After the building of a levee in 1965 to prevent major flooding, the town saw many modern improvements. Princeville annexed additional land growing the size of the town as well as the population and number of businesses. The most pressing issue for Princeville today is repeated flooding. The Army Corps of Engineers designed an update for the levee to ensure the best safety for roughly a little over 2k town citizens.Due to political drawback the levee still remains hazardous for the citizens of this historic town.
Like so many black financial hubs and historic black towns, urban development and roadway development was deliberately planned through the town limiting it’s growth. This plan destroyed many of the historic structures making it difficult to establish a historic registry which would provide protection and funding to restore these structures.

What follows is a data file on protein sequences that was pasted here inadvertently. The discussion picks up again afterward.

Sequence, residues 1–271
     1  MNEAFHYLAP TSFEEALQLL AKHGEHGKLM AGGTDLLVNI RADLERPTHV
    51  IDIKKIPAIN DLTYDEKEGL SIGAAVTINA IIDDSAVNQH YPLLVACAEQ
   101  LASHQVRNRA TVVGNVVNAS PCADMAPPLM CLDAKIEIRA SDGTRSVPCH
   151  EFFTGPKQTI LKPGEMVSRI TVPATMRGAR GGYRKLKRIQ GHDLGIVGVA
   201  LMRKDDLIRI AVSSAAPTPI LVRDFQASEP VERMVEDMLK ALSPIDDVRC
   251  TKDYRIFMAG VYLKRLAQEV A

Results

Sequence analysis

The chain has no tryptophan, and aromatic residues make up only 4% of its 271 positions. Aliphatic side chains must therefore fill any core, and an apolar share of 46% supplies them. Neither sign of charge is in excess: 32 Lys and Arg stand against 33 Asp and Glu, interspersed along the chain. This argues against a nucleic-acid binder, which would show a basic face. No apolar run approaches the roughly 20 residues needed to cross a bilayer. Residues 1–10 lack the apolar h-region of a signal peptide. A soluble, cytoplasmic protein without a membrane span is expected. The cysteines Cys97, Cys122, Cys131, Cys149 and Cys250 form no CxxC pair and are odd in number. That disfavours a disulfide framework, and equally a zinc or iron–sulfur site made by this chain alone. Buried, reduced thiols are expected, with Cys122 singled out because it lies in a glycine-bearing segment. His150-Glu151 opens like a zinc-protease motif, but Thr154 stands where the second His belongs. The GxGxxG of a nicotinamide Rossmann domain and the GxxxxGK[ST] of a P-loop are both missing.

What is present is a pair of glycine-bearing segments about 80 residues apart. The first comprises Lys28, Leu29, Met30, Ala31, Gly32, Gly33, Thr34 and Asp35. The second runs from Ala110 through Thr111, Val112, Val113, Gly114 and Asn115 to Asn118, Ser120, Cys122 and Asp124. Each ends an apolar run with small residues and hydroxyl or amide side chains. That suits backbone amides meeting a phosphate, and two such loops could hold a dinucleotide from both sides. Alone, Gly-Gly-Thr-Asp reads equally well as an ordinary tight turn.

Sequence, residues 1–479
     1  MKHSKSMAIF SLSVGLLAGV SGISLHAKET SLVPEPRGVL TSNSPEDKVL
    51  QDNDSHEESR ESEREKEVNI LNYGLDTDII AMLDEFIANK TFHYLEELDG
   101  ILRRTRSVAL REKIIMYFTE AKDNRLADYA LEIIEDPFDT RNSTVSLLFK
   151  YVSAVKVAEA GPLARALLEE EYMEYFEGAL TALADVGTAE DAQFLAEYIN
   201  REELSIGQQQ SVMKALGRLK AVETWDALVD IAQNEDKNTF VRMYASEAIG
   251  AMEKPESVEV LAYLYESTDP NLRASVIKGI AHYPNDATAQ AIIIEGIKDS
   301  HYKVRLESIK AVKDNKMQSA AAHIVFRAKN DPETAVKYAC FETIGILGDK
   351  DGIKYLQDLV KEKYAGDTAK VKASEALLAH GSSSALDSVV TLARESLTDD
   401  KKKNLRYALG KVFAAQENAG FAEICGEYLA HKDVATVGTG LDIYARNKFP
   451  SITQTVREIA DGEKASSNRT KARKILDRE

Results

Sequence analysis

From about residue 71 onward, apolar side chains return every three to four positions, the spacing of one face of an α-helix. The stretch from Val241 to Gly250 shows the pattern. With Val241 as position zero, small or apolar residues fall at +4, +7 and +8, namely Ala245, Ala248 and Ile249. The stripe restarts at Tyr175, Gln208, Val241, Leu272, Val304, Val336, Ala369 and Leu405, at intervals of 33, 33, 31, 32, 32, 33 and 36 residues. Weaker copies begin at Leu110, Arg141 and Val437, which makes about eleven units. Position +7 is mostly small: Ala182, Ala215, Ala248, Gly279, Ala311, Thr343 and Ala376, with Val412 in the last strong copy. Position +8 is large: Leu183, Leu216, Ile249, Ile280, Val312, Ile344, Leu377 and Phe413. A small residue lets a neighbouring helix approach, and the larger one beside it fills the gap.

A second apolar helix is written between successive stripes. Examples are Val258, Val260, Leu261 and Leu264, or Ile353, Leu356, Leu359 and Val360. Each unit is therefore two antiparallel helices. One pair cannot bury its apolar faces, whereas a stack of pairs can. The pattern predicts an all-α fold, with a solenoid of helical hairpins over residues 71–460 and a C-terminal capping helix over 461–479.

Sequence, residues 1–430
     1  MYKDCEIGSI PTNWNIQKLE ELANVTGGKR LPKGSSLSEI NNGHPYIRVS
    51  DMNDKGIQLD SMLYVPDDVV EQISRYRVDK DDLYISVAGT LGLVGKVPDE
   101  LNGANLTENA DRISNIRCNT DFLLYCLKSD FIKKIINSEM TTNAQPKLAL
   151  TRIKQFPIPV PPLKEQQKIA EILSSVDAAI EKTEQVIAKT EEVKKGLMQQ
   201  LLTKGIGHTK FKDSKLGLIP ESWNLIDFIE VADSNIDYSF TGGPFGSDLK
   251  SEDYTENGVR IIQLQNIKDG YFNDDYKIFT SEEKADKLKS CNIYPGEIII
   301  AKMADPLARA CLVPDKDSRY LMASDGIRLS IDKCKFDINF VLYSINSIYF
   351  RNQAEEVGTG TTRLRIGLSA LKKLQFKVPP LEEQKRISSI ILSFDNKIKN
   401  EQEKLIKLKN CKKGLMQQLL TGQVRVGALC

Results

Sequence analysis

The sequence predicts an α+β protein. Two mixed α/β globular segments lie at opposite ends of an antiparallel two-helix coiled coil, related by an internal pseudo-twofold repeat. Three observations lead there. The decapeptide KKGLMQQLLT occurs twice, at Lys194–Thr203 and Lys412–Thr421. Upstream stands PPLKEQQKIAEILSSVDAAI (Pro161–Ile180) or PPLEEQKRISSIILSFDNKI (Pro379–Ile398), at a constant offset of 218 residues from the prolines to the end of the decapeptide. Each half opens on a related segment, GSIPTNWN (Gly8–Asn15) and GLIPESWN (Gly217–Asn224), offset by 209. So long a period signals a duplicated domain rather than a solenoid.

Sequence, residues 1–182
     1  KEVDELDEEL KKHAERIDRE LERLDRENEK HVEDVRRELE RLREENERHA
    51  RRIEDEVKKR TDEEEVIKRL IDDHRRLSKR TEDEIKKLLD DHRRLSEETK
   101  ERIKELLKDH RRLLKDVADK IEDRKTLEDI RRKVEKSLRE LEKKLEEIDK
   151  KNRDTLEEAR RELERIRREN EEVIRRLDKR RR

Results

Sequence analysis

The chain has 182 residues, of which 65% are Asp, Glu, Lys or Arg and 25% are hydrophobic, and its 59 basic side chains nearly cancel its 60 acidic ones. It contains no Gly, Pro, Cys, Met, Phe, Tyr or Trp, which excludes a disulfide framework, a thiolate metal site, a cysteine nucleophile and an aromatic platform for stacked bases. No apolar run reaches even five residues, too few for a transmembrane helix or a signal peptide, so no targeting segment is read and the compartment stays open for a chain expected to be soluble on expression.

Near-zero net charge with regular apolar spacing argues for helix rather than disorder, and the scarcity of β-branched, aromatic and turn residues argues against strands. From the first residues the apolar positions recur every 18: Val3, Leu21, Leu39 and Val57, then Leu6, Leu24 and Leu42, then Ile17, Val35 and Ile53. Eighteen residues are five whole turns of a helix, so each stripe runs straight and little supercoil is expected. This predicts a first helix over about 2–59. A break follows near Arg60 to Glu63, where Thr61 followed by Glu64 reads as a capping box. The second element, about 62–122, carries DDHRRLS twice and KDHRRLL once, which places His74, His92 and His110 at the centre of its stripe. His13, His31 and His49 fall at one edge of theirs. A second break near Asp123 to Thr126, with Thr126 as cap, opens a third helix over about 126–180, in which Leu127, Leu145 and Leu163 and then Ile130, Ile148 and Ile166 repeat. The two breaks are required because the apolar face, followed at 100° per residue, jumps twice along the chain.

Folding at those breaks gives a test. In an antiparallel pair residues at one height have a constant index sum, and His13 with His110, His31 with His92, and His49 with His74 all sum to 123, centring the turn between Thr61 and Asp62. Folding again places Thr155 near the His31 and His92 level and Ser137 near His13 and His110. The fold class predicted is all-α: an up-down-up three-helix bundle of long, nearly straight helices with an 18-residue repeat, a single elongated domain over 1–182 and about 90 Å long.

Another consequence of building the highway was increased probability of flooding. In 1999 Hurricane Floyd hit. This type of storm only comes around every 500 years and the damage was significant. Saving the capital, Raleigh NC, or bigger towns like Rocky Mount upstream was the priority and small towns like Princeville and Tarboro down stream would suffer the consequences.